I probably have but I wouldn’t be able to label them. I haven’t gone into a meticulous study of philosophy but I do go through life picking and choosing ideas that work for me. 

Maybe that leans towards a particular philosophy and I think the best way is to have a fluid way of thinking. 

On the subject of philosophy, I saw that Polymensa is built around the Ubuntu philosophy, especially with the peer group elements you have.

What is the Ubuntu philosophy and how do you apply it to your business?

There was a documentary I watched a couple of years ago about famous coaches who were being interviewed and Ubuntu was spoken about and how it could be used in a team. I thought it was a brilliant way to look at what I’m doing, which was building a troop that would never be bigger than 30 agencies.

For that to work it had to be a mentality of one can only be as strong as the other person. We all had to build each other up to be as successful as we could be. 

I also do work with a charity called Gloves Not Gunz and I once did a fundraiser where we walked the South Downs Way for four days. It was basically four marathons in a row. I said to the boys who were there that we should use the Ubuntu philosophy to work through it.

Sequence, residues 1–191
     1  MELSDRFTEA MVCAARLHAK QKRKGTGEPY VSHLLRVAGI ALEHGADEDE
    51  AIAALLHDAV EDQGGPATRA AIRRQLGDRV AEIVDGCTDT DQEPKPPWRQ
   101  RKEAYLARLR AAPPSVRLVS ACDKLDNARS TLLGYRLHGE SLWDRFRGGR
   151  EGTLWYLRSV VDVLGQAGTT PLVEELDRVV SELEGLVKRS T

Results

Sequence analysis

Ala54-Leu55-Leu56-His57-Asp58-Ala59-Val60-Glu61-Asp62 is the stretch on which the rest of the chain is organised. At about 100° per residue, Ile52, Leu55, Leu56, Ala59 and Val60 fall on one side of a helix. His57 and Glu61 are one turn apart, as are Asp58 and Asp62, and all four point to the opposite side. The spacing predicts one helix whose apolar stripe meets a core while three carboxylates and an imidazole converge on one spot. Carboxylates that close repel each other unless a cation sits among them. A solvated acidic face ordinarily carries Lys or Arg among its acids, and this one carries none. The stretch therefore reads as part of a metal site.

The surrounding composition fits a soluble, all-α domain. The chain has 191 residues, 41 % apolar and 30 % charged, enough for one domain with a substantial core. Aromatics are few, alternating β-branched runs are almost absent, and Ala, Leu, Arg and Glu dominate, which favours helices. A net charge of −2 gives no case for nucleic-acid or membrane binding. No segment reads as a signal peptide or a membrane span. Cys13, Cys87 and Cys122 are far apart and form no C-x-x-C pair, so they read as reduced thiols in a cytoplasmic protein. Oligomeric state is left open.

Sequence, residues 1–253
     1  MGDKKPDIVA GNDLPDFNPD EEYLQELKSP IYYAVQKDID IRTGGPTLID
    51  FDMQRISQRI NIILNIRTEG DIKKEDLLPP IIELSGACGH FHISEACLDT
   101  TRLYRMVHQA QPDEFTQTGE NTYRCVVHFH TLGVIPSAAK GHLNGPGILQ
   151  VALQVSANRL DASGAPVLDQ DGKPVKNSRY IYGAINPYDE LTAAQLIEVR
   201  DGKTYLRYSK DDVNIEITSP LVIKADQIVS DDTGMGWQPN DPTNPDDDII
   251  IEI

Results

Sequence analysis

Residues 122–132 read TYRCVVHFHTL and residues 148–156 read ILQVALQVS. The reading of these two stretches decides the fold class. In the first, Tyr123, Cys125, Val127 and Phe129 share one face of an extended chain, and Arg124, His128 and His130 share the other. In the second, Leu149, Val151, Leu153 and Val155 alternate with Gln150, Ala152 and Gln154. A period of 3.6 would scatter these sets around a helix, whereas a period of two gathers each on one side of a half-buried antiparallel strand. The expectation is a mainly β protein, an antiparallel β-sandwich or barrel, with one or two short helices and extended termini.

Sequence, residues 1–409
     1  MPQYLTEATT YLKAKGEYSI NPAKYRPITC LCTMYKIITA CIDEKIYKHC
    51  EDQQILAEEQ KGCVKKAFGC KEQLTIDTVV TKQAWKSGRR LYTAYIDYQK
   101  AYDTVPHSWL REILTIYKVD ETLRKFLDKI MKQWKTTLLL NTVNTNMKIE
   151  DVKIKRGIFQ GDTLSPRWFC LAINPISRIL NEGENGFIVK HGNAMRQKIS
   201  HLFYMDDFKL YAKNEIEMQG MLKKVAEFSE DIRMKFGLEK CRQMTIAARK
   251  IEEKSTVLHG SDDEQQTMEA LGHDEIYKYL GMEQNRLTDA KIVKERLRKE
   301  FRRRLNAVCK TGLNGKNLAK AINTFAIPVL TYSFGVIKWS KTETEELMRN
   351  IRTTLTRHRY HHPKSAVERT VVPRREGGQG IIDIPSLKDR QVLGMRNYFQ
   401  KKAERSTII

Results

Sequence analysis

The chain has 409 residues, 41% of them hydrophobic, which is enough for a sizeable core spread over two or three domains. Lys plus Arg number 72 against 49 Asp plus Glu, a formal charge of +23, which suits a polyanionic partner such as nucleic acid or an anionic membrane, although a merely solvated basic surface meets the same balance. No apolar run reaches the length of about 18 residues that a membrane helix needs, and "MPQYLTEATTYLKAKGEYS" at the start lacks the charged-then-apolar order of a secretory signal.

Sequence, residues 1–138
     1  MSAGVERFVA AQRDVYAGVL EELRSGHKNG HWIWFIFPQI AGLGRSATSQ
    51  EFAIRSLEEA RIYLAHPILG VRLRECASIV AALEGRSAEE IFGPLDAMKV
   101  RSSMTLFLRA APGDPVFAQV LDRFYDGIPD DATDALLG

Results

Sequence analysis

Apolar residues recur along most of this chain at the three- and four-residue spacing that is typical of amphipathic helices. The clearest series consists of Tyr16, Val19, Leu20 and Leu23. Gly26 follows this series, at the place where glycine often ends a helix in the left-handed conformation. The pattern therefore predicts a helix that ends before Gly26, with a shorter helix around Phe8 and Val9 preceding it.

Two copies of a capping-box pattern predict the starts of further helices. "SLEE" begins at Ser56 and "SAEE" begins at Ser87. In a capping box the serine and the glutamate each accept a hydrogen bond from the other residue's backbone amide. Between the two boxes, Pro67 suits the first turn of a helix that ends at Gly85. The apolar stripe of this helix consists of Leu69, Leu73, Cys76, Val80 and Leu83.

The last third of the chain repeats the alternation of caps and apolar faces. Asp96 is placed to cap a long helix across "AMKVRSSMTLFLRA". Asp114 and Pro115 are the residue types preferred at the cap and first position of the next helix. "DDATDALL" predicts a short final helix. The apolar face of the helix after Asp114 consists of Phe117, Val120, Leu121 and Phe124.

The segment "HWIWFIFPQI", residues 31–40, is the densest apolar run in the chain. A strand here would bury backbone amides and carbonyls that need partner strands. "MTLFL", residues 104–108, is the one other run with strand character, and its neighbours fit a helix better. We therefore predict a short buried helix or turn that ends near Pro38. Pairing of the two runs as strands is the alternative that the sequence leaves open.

At every point of the trail when things got tough, we shouted Ubuntu together and it was brilliant. It gave us a lot of energy. 

Great story. I know boxing has had a personal impact on your life for the better and would be interested to hear more about that.

I fell into it. I was in a situation with a girl and we were having some issues and I was trying to fix those issues. One of them was trying to use sports as a way to help her mental health. One of her mates who had a drinking problem used to be a boxer at a particular gym and I said let’s train together.

I went to the training and they didn’t show up, but I fell in love with boxing in that moment. I kept going and at the beginning it was just a fitness thing. But then it’s my nature to ask what the next level is and it led to two amateur fights.

One of the biggest things I’ve learned from boxing is discipline. You need to be disciplined to do any kind of combat sport because the reality is you get hurt. If you’re not fit enough, if you’re not technically strong enough in comparison to the person you’re fighting against, you’re going to get hurt. 

The other thing is that boxing humbles you. I think you go through processes in life where you think you’re really good at something. Then you step into the battle arena and you realise that you’ve got a long way to go. It exposes you properly.